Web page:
Guest post by Lisa Regan, writer for The Lean Startup Conference.
Lean Startup techniques have been taking off in the social-mission sector, helping people solve problems more effectively, and earning the name Lean Impact. To explore what’s working on the ground, we’re hosting a webcast, Lean Impact: Implementing Lean Startup in Mission-driven Organizations, next Tuesday, November 5 at 10a PT. It will feature a conversation that gets into the details of how non-profit and mission-driven organizations are making use of Lean Startup methods to get closer to their goals, faster. This webcast is free with registration, and our speakers will answer questions live from attendees. One other note—we’re introducing a special scholarship program to bring non-profit organizations’ staff and volunteers to the conference in December. More details on that at the end of this post.
Few people are better positioned to talk about bringing Lean Startup techniques to mission-driven organizations than Akash Trivedi and Christie George, both speakers at The Lean Startup Conference in December. Akash is a business lead for Kiva’s pilot program Kiva Zip, which seeks to make microlending even more direct—for example, by facilitating payment via mobile. Christie is director of New Media Ventures, the first national network of angel investors supporting media and tech startups that disrupt politics and catalyze progressive change.
We asked Christie to give a sense of how she sees the relationship between Lean Impact and Lean Startup.
LSC: Do you see Lean Impact as a direct application of Lean Startup ideas in non-profit and mission-driven organizations, or is there another element to it that's not so obvious?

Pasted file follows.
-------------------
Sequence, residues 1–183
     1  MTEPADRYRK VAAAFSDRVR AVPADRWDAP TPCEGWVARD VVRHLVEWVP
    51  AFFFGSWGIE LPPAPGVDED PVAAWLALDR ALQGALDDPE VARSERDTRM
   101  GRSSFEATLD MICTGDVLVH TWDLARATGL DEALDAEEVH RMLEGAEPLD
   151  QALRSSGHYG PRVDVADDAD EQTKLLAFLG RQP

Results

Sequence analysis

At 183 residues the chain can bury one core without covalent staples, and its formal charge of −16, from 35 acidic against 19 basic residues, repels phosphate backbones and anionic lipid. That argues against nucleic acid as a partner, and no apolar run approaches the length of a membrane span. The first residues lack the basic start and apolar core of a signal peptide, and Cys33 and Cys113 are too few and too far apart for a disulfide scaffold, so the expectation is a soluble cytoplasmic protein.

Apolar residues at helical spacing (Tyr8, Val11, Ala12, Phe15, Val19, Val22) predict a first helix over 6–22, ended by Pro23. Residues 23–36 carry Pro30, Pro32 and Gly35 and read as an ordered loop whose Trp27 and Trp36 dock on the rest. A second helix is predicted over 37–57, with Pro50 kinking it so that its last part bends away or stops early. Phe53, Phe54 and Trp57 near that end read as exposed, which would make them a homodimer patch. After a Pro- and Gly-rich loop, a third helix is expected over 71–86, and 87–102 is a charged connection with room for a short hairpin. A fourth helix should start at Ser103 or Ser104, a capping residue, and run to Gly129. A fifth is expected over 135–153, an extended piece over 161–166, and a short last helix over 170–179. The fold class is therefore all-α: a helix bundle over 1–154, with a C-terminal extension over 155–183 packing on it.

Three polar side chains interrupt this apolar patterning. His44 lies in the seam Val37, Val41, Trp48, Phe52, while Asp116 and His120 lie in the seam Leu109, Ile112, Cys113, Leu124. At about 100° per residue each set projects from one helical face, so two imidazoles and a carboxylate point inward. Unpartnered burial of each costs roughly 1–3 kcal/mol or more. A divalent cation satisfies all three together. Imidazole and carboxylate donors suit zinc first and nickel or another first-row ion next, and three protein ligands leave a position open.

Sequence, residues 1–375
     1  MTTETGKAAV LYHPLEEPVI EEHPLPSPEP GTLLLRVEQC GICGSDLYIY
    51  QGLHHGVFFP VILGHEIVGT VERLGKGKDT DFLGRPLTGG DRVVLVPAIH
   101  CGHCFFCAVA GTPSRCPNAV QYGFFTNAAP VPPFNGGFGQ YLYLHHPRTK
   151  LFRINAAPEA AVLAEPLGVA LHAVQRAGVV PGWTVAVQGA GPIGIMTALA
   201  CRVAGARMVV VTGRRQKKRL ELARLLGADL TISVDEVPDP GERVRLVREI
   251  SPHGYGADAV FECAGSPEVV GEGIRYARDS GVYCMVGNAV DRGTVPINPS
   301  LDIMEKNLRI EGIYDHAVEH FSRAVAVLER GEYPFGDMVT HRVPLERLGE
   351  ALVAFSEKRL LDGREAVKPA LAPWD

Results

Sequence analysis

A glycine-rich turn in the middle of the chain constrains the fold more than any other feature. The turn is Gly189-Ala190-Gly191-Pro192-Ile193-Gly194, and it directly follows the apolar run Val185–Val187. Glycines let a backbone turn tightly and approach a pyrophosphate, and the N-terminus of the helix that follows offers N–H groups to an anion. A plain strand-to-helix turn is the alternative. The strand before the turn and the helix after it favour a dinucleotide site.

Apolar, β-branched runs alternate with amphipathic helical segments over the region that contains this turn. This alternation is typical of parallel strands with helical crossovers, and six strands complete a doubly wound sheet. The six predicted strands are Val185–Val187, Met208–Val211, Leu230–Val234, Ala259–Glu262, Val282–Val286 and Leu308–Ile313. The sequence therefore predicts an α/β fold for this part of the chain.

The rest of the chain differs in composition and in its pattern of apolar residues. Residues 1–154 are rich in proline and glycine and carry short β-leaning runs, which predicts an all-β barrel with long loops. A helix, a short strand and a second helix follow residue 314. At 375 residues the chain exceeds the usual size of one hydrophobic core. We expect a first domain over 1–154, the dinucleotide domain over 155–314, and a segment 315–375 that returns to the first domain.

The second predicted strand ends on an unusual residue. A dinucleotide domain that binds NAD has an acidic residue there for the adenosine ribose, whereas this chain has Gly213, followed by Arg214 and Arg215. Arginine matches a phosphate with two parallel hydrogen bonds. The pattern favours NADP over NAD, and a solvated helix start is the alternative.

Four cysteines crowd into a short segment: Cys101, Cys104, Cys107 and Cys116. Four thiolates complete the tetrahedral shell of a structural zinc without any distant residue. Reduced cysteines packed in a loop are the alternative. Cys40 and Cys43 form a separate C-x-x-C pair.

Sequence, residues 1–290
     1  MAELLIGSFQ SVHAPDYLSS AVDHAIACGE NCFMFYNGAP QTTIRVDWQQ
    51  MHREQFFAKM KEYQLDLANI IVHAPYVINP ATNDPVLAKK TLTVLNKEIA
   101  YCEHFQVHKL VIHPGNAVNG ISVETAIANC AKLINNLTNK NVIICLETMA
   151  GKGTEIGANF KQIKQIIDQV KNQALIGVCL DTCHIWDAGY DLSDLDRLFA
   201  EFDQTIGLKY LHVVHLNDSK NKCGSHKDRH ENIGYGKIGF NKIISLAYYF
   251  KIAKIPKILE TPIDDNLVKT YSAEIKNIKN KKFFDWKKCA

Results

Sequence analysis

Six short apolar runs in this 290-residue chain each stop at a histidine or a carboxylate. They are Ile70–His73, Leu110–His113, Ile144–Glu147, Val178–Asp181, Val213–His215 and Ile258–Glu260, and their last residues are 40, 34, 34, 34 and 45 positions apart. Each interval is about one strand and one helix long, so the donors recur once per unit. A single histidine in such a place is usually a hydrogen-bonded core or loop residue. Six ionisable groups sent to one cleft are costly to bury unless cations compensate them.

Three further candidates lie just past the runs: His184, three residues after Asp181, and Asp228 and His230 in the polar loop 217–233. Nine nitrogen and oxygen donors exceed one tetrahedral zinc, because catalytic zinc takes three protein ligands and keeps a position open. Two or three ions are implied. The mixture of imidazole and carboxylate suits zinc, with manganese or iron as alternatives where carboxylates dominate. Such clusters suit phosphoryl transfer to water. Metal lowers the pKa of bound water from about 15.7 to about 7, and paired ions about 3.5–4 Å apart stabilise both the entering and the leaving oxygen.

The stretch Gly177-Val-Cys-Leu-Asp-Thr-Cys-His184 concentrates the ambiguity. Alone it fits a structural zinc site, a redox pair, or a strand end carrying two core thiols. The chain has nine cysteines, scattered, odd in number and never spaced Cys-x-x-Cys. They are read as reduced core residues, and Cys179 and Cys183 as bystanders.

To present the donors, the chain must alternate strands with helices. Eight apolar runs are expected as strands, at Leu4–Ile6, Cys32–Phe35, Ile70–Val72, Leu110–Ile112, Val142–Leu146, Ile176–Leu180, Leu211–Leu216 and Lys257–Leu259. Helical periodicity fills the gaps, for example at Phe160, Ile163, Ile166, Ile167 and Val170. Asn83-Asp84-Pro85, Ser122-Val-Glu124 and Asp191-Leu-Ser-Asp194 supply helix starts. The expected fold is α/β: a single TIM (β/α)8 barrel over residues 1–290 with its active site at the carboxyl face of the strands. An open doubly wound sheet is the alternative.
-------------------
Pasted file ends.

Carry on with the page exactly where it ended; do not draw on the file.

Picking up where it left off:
Christie: There are huge opportunities to build better mission-driven organizations using Lean Startup principles. And "Lean Impact" offers a reference point for people to start that conversation—there is real power in naming. I think of Lean Impact more generally as the conversation about the challenges in addition to the opportunities of applying Lean Startup ideas in mission-driven organizations and businesses.
There are some specific challenges that I’m looking forward to discussing, both with Akash and at the conference:
1) Measuring Impact: For organizations that are in the "business" of social change, questions of measurement are notoriously tricky. How do you measure a movement for social justice? How do you measure that it's actually your work that's moving the needle on an issue? The clear focus on users and revenue is hugely useful for measurement, but for organizations serving a population and not building a 'product', the language and culture of Lean Startup is still finding its focus.
2) Vanity Metrics: Especially for those working to increase awareness, social change groups often report member numbers, Facebook likes, and news hits as proxies for impact (which may in turn generate further revenue). Metrics around petition signatures or Facebook likes are relatively easy to track, but of course, they don't tell you whether you're winning. How can we come up with impact metrics that go further than vanity and get to the core outcomes we're working to achieve?